Mr. Peabody and the "Wayback Machine" take Sherman back to a time before birth control was legal.

Something just occurred to me: What is the single thing Republican men are more afraid of than gay marriage? Simple. Women.

The recent rash of crazy comments coming from the Right regarding birth control has a lot less to do with abortion than even I realized. To have a clearer understanding of the apoplectic comments with which we’ve been bombarded, you have to understand the history of the politics of birth control in our country and how it has changed the place of women in our society, socially, economically and ethically.

This realization came into sharp focus for me this week when Foster Friess, the main donor to the Super PAC backing Rick Santorum’s presidential bid, made the following comment to MSNBC’s Andrea Mitchell:

“On this contraceptive thing, my gosh, it’s so inexpensive. You know, back in my days, they used Bayer Aspirin for contraceptives. The gals put it between their knees and it wasn’t that costly.”

His comment left Andrea Mitchell (and me) stunned and unable to immediately respond. The media backlash, however, was swift and harsh. He later dismissed it as a bad joke, but behind every bad joke lays the heart of the jokester. What’s the subtext here? Let’s start with his use of the word “gals”. In the world of Foster Friess, we’re not rational, thinking adults who know what’s best for our bodies and our families, we’re “gals” who need the clear guidance of a man to make decisions for us. And of course, if we “gals” would just keep our legs closed, contraception wouldn’t be an issue. Yes, if we’d just stop acting like whores, we wouldn’t have to worry about pregnancy.

I couldn’t believe this was a wealthy, educated man in a suit uttering these words and when I watched the clip (about a dozen times), all I could see was a man with a three-day beard holding a longneck, wearing a “wife beater” screaming for his woman to “make me a sammich!” I thought long and hard about this and it led me to wonder how, in the year 2012, we could possibly have anyone left in our society with such blatantly sexist and backward views. That wonder led me to take a closer look at the historical experience of the American woman with regard to birth control.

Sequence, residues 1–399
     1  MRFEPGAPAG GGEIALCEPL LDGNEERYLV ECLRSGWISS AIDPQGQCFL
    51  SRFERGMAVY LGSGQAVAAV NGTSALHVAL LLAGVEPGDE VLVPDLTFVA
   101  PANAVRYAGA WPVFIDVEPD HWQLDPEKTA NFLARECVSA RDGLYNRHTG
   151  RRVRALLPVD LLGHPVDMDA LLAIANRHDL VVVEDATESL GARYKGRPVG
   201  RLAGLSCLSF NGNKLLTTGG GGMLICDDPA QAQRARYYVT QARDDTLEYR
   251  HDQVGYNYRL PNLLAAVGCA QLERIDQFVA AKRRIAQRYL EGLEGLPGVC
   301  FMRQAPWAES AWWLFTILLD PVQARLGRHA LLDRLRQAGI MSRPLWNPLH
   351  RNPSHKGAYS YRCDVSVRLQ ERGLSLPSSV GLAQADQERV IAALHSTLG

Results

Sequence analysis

And I couldn’t comment on this week without sharing this photo taken of the “experts” on women’s health and reproduction taken at a Congressional hearing this week on Capitol Hill. I’m betting you’ll probably be able to point out what’s wrong with this picture as quickly as did I.

The Congressional panel of "experts" on birth control and women's health issues. What's wrong with this picture? If your answer was the complete absence of uteri, you win the bonus points.

Contraception was legal in the United States throughout most of the nineteenth century, but in the 1870’s a social purity movement, much like the one we see today (yes, we’ve regressed 140 years), grew in strength, aimed at outlawing vice, prostitution and obscenity. The campaign also attacked contraception, which was viewed as an immoral practice promoting prostitution and venereal disease. Anthony Comstock was a postal inspector and leader in the purity movement, who successfully lobbied for the passage of the 1873 Comstock Act, a federal law prohibiting mailing of “any article or thing designed or intended for the prevention of conception or procuring of abortion”, as well as any form of contraceptive information. Anthony Comstock made it illegal to even educate women on contraception. Think about that, because we’ll come back to it later.

For Social Conservatives, perhaps the most hated woman in history is the founder of Planned Parenthood, Margaret Sanger. Social Conservatives like to re-write history by claiming that Margaret Sanger was a leading proponent of abortion. Sanger’s family planning advocacy always focused on contraception, rather than abortion. It was not until the mid 1960’s, after Sanger’s death, that the reproductive rights movement expanded its scope to include abortion rights as well as contraception. Sanger was opposed to abortions, both because they were dangerous for the mother (at the time they were), and because she believed that life should not be terminated after conception. In her book Woman and the New Race, she wrote,

“while there are cases where even the law recognizes an abortion as justifiable if recommended by a physician, I assert that the hundreds of thousands of abortions performed in America each year are a disgrace to civilization.”

In her 1938 autobiography, Sanger noted that her opposition to abortion was based on the taking of life:

“[In 1916] we explained what contraception was; that abortion was the wrong way, no matter how early it was performed it was taking life; that contraception was the better way, the safer way — it took a little time, a little trouble, but was well worth while in the long run, because life had not yet begun.” And in her book Family Limitation, Sanger wrote that, “no one can doubt that there are times when an abortion is justifiable but they will become unnecessary when care is taken to prevent conception. This is the only cure for abortions.”